Monday, July 24, 2017


Our hero is a delinquent who's only strength is excelling at virtual reality games. He uses this skill to earn some money off people in gambling parlors in order to get places for he and his father to stay. He is often in trouble for missing days at his virtual reform school. Outside, World War III is raging in a virtual world. Kids are used to control the vehicles virtually. (They have chips planted in their brains to assist - adults would not have the elasticity to accept the chips.) The world is dominated by corporate/government alliances. They use patent protection to extract money. One company had patents on genetically altered crops. As their crops had mingled with all naturally occurring crops, they asserted rights to all foodstuffs. Another had a chemical that became part of the water supply and thus asserted royalties on water. These corporates control the world, and manipulate the people and the governments to do their bidding. When people in he middle east didn't pay royalties, the company wiped them all out (thus ensuring "peace" in the middle east.)
Our hero gets invited to the special military school. He discovers this entails getting a chip implant. He has typical teenage encounters there and learns to work in the quasi-virtual world. They have "virtual workouts" where they appear to be chased by hoards of enemies. They also have "virtual battle rooms" where they take part in tactical actions. He makes friends, makes enemies and is attracted to girls. He has an extreme sense of loyalty to those he considers friends as well as a strong desire to seek revenge on those that cross him. (It does feel too extreme at times.) The instructor Blackburn draws the reader's sympathies, yet he is hated by the hero.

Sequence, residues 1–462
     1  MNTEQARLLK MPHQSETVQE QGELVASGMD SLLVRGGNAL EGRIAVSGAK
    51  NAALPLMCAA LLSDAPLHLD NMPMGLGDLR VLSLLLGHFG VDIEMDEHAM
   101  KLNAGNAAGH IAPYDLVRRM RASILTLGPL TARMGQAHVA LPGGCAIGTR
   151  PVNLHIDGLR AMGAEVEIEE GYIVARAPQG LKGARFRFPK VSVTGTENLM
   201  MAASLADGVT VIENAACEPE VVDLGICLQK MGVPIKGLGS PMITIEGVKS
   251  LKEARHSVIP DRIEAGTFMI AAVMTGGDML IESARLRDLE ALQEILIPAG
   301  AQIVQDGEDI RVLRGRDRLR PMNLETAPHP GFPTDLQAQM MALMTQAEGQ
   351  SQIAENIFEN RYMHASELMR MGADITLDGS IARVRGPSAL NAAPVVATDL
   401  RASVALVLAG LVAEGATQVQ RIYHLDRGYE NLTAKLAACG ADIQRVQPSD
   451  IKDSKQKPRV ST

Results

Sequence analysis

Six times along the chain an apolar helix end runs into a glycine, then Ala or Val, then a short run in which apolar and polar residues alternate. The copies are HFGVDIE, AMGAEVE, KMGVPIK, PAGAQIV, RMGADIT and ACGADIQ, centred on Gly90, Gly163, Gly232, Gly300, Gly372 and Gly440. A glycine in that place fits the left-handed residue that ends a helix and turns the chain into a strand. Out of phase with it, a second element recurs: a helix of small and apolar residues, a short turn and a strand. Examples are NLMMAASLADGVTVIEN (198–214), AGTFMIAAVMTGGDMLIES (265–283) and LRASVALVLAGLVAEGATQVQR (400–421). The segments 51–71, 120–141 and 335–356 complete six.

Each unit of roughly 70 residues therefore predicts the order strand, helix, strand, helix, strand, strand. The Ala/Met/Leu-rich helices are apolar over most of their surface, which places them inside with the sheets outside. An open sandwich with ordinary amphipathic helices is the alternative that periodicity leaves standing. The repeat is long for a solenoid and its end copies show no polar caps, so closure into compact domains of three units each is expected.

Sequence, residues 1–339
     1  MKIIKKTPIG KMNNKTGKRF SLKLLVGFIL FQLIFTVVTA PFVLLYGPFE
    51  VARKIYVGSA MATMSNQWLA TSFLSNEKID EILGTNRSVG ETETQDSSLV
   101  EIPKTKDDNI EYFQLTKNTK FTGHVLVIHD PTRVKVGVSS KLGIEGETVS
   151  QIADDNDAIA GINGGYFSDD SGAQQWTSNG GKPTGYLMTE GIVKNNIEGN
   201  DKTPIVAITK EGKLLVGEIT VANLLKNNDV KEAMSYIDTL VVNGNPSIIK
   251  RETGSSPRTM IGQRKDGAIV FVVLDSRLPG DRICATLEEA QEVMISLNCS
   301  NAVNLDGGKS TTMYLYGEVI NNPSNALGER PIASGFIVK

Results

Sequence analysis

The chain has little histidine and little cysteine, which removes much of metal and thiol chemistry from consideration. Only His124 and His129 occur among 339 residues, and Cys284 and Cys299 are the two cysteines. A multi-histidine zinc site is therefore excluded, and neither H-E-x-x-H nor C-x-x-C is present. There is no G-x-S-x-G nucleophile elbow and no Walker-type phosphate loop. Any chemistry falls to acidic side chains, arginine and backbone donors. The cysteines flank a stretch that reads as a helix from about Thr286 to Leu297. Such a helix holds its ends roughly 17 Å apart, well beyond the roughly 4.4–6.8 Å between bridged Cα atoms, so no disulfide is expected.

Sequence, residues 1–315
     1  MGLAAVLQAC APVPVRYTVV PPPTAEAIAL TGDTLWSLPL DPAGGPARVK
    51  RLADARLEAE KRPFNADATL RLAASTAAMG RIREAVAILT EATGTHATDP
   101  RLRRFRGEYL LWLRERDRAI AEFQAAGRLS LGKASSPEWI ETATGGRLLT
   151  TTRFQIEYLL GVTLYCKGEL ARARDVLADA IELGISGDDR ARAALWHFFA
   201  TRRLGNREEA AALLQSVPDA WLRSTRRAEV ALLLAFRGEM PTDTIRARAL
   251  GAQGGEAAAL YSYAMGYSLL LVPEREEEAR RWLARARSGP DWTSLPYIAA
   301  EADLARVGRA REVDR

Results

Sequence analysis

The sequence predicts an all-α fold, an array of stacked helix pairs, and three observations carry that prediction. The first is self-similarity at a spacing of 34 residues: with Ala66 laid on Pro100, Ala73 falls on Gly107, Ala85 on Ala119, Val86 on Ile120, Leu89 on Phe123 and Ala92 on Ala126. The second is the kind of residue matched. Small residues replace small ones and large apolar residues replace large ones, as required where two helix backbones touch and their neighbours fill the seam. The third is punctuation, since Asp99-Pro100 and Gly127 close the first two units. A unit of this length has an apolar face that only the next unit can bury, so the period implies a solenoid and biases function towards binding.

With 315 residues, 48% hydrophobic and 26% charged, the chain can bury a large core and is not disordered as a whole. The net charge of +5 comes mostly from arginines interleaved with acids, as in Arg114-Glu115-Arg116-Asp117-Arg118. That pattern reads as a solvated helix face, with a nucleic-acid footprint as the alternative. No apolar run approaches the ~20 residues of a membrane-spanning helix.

The first half of the book is a riveting read that I did not want to down. The book then made a few turns that caused me to lose interest. The end was fairly satisfying, but left the hero in a no so good light. At least he is trying.

No comments:

Post a Comment